The key takeaway from the Offshore Support Journal Conference and Awards 2023 is that data is an asset to address these challenges.
It enables charters to make savings through data analysis and best practice implementation.
An effective benchmark of vessels, especially in regards to environmental performance, will be crucial for charterers to know better the ships they hire and their impacts.
Enhance Seafarer Welbeing
Additionally, using technology to improve seafarers’ well-being on board and increase retention will be key. Here are some examples of digital initiatives that increase seafarer well-being: report digitalization, optimization of administration work, and improved connectivity onboard, among others.
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Opsealog Wins Offshore Support Journal Award
Opsealog was thrilled to win the Offshore Support Journal Award during the event. This recognition was due to a project implemented in collaboration with ADNOC Logistics & Services. It proves that digitalization is not only one piece of the puzzle but the main frame of what the landscape of marine logistics will look like in the near future.
Damien Bertin, Business Director at Opsealog, explains, “the conferences and speakers were excellent; we can identify the trends and challenges the industry’s facing, and we can see the increasing tension of the market since charterers are struggling between International and local regulations in one hand, and on the other hand shipowners and investors prefer waiting for tangible results before making big investments in new and ship environmental technologies to renew their offshore fleets. It represents an opportunity since our CAPEX-free solution allows our customers to both comply with regulations and reduce the costs and environmental impact of the existing fleets…”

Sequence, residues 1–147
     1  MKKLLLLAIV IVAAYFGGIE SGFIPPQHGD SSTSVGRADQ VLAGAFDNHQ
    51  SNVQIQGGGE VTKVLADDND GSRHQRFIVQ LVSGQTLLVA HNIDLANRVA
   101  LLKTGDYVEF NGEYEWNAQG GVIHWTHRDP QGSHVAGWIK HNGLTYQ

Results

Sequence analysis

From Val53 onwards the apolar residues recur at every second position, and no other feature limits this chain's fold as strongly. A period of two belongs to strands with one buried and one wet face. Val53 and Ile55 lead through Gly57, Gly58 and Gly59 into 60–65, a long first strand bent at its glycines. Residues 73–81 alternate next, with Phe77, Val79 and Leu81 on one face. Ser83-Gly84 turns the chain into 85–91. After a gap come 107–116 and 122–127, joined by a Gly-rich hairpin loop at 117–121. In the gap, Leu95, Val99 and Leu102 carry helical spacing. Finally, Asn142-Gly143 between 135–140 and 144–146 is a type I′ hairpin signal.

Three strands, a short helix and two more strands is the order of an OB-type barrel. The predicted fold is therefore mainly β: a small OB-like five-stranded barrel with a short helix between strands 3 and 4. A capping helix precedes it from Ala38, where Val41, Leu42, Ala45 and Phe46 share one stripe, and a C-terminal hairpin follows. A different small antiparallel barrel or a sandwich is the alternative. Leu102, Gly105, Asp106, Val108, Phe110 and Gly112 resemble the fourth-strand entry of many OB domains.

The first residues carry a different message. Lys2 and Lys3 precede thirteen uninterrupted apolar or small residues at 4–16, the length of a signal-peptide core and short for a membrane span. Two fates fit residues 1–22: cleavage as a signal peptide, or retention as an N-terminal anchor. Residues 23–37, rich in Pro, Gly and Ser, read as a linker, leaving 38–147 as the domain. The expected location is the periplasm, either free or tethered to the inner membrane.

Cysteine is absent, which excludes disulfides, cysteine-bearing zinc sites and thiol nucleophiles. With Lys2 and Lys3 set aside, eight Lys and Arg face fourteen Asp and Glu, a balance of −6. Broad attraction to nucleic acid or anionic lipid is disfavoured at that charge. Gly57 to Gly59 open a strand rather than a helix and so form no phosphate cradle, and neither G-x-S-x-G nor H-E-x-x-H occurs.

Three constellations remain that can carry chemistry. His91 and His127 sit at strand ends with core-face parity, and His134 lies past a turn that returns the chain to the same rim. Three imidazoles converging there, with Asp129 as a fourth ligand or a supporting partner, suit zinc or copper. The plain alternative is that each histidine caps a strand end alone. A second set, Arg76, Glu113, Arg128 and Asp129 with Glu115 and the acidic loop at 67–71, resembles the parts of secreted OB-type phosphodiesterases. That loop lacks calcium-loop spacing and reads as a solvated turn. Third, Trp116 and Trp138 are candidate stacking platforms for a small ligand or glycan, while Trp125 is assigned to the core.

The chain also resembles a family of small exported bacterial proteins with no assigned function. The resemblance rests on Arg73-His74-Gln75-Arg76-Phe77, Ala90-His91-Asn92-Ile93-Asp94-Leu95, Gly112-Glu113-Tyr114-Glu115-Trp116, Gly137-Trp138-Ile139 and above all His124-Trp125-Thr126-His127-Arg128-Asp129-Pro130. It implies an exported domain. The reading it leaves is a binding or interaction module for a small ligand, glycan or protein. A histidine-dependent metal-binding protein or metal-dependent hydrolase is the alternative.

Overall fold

Conclusion: Data is the Best Ally
The Offshore Support Journal Conference and Awards 2023 demonstrated that data is the best ally of all players in the sector, whether at high or low prices. Digitalization provides the flexibility to adjust and prepare for such complicated and unpredictable times. It is crucial for players to know this and invest in such technologies not only for short-term goals but also for long-term returns. In the coming years, we expect data-driven technologies to continue to play a vital role in the success of the offshore industry.
Aside from the insights we gathered on the industry trends and challenges, attending the Offshore Support Journal Conference and Awards 2023 also gave us the opportunity to connect and exchange ideas with other key players in the sector.
We enjoyed hearing their perspectives on the current state of the industry and their approaches to addressing the environmental challenges that come with it. It was enriching to learn about the different innovations being developed to bridge the gap between environmental ambitions and reality and to see the industry’s collective effort toward sustainability.
Overall, the event was a great platform for knowledge-sharing and networking, and we are looking forward to participating in future events.